“Father, I have sinned against heaven and before you. I am no longer fit to be called your son,” the prodigal son pleads when his parent eagerly welcomes him home after years of separation. The biblical parable of the prodigal son, recounted only in the Gospel of Luke (15:11–32), captures the joy of rediscovering something long lost. But this 1919 painting by Italian artist Giorgio de Chirico offers a bleak vision of the reunion of the father, who appears as a stony sculpture, and his mechanical, mannequin son.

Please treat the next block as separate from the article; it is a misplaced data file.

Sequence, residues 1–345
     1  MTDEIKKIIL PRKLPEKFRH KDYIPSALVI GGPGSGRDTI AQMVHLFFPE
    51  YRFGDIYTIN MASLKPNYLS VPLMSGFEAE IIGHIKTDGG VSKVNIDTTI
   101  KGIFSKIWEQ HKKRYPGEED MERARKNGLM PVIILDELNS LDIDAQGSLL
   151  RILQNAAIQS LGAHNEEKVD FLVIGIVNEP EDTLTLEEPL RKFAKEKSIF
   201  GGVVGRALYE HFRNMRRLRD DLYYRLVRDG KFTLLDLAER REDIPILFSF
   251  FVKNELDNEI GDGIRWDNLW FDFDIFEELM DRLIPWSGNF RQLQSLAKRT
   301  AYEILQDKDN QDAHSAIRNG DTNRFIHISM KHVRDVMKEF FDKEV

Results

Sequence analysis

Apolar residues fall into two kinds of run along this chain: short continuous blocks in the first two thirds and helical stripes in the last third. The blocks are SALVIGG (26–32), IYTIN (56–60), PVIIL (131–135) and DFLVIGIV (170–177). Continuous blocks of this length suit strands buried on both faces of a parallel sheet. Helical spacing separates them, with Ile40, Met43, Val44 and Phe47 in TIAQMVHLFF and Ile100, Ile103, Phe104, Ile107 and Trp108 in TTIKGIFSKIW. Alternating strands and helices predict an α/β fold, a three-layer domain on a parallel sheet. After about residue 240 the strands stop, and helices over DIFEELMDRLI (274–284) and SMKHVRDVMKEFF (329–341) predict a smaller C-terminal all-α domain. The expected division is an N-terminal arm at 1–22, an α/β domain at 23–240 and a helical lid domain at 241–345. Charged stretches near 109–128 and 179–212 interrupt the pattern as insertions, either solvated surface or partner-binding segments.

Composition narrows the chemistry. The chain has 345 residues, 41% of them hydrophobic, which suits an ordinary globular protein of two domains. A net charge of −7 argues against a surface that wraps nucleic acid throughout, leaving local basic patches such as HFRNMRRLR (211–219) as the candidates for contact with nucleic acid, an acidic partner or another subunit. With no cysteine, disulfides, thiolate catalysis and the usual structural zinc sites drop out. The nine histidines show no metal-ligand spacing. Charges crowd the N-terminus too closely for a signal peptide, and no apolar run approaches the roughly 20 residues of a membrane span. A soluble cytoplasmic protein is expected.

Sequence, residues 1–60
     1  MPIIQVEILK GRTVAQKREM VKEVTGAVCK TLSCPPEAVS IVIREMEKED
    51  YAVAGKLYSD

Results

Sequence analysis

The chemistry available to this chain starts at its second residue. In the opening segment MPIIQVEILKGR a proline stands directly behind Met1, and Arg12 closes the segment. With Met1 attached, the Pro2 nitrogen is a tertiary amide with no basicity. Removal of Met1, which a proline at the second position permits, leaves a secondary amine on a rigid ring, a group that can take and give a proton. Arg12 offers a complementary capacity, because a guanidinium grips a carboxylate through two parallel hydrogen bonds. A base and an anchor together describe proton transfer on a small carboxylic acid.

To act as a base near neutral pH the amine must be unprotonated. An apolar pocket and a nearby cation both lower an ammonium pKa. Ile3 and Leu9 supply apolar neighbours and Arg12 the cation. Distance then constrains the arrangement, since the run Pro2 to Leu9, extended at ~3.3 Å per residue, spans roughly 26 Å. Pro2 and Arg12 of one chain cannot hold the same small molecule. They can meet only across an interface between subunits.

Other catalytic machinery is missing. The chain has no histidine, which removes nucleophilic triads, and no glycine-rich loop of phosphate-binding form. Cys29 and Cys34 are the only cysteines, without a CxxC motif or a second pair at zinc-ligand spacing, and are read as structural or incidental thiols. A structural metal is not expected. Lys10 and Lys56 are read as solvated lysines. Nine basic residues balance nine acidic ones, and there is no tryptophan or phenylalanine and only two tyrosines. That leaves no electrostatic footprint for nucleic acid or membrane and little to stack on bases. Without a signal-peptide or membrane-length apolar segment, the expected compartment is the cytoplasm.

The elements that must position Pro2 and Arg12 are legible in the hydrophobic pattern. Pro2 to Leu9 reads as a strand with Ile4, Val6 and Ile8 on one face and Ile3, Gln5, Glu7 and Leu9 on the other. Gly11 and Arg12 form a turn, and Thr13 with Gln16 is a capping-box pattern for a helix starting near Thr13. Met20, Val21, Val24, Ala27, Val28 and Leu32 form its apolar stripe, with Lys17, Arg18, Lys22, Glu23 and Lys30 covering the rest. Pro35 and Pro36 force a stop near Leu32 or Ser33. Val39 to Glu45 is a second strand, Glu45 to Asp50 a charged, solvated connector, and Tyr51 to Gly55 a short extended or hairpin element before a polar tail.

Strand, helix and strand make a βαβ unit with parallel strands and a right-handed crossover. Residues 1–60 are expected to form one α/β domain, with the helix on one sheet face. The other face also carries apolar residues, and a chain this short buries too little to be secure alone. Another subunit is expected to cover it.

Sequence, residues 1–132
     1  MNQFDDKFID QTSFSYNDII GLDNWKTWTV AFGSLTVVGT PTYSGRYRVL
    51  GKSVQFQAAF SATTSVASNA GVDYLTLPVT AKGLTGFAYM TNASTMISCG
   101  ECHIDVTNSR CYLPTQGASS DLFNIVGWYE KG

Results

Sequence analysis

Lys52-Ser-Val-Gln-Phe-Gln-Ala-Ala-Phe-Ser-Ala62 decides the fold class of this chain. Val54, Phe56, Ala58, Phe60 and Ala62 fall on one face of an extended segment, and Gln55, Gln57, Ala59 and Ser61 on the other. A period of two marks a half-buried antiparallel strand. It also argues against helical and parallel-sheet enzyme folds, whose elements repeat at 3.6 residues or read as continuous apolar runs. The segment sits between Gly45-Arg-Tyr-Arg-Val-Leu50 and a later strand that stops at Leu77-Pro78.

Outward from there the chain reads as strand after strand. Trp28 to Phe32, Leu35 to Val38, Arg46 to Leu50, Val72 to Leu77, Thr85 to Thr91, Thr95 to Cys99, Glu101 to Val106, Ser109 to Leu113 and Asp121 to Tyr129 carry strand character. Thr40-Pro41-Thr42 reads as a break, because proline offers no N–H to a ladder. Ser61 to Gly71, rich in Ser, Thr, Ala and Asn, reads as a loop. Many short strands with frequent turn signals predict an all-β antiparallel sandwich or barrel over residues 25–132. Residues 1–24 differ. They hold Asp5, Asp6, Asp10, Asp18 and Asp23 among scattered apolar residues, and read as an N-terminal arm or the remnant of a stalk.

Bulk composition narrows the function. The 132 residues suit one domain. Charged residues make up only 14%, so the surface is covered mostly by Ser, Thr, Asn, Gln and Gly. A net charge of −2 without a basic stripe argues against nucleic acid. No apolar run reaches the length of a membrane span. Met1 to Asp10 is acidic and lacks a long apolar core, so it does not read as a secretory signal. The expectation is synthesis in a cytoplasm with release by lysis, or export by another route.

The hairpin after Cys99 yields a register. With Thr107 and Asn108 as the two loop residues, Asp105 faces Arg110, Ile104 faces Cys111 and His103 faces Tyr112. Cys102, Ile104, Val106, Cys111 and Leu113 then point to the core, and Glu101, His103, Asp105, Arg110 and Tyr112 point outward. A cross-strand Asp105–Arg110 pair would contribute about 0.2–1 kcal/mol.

According to Luke, the father, gladdened by his son’s return, instructs his servants to bring the youth his best robe, a ring and shoes, and kills a fatted calf in celebration. When the prodigal son’s brother, who has spent his life working faithfully for his father, grumbles that he has never been treated so well, the father explains: “My son, you are always here with me, and everything I have is yours. But we had to celebrate and be happy, because your brother was dead, but now he is alive; he was lost, but now he has been found” (Luke 15:31–32).